CACH syndrome - LEUKOTREAT, therapeutic strategies for leukodystrophy affected patients

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Last update : 09/02/2015

CACH syndrome

CACH/VWM syndrome is due to mutations in the eukaryotic initiation factor 2B (EIF2B).

EIF2B is a general translation factor expressed in every cell type. Importantly eIF2B activity is tightly regulated by a variety of cellular stresses. The wide clinical spectrum observed from congenital rapidly lethal forms to slowly progressive adult forms is correlated to the level of EIF2B activity. The diffuse vacuolation of the white matter is associated with myelin loss despite an increasing number of oligodendrocytes and dysmorphic astrocytes. A deficiency in astrocyte maturation may contribute to the abnormal white matter biogenesis and maintenance observed in patients.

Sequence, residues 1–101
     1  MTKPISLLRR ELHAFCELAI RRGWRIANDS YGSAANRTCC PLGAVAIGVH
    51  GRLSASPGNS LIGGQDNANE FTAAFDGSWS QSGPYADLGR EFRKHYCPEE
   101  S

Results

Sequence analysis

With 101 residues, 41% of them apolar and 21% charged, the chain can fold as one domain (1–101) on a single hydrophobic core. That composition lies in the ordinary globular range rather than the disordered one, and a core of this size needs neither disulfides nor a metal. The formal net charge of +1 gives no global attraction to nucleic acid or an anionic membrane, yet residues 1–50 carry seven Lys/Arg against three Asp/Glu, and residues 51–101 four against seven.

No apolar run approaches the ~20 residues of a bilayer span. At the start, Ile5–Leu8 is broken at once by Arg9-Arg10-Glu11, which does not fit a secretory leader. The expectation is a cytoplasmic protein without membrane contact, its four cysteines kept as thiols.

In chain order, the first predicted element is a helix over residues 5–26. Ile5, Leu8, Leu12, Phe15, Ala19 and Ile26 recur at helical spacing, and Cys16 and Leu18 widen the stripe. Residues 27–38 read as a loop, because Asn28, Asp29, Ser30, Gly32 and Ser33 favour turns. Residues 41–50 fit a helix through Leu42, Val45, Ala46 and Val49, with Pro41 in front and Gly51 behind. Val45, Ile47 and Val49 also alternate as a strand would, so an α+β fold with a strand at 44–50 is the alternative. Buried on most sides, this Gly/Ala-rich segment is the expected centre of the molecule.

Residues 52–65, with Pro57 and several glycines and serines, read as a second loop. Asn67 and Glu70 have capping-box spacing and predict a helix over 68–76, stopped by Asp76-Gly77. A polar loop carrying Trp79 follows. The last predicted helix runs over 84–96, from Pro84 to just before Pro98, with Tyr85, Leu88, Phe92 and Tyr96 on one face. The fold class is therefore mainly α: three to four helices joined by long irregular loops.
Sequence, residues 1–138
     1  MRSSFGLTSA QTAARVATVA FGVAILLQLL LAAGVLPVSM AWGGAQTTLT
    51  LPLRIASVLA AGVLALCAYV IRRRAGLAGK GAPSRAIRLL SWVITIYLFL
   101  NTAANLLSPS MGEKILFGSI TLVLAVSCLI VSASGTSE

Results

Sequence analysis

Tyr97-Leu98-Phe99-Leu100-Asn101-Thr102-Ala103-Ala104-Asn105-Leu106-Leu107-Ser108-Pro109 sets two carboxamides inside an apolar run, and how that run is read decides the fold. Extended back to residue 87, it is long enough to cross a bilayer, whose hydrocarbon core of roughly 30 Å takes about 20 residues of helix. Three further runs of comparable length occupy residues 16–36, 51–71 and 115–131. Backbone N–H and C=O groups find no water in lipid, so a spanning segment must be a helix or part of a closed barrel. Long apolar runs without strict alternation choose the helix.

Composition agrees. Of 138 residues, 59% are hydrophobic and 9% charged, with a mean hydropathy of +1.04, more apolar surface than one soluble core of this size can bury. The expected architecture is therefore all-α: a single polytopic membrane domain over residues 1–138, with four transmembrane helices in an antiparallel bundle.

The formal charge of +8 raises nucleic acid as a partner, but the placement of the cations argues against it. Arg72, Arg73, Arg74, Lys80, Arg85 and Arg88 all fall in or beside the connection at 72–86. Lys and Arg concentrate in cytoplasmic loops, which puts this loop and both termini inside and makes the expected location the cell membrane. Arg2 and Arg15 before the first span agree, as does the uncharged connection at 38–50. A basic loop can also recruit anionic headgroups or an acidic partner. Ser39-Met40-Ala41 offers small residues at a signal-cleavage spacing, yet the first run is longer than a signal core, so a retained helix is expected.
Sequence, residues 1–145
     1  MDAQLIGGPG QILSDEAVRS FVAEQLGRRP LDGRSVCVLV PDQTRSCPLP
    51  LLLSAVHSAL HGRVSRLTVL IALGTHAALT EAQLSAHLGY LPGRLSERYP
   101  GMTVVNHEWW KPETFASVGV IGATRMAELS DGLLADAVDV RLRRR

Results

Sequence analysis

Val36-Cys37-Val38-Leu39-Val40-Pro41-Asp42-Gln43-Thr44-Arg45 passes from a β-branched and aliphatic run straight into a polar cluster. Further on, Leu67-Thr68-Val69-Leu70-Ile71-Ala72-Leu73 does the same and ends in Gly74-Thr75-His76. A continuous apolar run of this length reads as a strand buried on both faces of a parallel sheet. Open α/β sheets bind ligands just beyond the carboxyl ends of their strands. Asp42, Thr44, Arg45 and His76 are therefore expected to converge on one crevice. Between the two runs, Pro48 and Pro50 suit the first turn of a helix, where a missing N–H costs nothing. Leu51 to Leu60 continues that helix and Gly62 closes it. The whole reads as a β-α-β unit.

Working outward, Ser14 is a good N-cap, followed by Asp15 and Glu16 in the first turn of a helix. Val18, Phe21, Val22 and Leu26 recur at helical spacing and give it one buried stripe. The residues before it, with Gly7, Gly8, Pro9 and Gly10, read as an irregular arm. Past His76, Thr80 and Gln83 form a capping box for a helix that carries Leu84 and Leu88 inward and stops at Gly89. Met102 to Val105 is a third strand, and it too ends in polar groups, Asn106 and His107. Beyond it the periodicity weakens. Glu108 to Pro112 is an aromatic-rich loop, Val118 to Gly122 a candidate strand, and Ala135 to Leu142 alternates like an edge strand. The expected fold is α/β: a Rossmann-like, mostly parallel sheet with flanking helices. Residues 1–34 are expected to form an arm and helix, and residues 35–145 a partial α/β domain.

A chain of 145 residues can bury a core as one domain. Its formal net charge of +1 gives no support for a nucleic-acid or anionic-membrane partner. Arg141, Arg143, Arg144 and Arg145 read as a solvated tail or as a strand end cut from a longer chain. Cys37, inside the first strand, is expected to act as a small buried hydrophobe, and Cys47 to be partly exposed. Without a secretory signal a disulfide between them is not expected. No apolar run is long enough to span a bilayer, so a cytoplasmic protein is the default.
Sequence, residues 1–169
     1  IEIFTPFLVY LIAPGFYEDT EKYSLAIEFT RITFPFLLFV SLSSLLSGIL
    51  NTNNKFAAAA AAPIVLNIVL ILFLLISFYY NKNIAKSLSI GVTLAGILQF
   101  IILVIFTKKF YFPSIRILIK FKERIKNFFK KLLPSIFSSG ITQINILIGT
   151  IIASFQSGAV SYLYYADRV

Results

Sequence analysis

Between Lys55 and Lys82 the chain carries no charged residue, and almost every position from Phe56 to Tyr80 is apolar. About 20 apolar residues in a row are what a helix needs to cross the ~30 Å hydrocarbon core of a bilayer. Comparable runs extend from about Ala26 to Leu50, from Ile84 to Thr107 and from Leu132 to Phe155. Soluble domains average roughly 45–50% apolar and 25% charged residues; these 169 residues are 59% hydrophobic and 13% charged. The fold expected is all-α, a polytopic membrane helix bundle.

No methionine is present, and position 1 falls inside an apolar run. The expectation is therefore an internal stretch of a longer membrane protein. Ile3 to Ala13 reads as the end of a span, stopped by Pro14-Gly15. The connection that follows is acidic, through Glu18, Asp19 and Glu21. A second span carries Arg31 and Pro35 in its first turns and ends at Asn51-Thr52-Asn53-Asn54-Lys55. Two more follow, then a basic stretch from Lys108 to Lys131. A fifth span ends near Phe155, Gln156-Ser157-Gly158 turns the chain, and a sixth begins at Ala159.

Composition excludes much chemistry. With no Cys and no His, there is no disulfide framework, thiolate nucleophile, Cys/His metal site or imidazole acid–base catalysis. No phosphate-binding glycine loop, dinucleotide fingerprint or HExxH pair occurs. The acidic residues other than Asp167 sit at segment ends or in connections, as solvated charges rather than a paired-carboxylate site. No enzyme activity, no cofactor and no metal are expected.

Clinical symptoms are variable, from fatal infantile forms (Cree leukoencephalopathy) and congenital forms associated with extra-neurological affections, to juvenile and adult forms (ovarioleukodystrophy) characterized by cognitive and behavioural dysfunctions and by a slow progression of the disease, leading to the term of eIF2B-related leukoencephalopathies.

For detailed information about CACH syndrome, read the corresponding review on the NCBI website (National Centre for Biotechnology Information).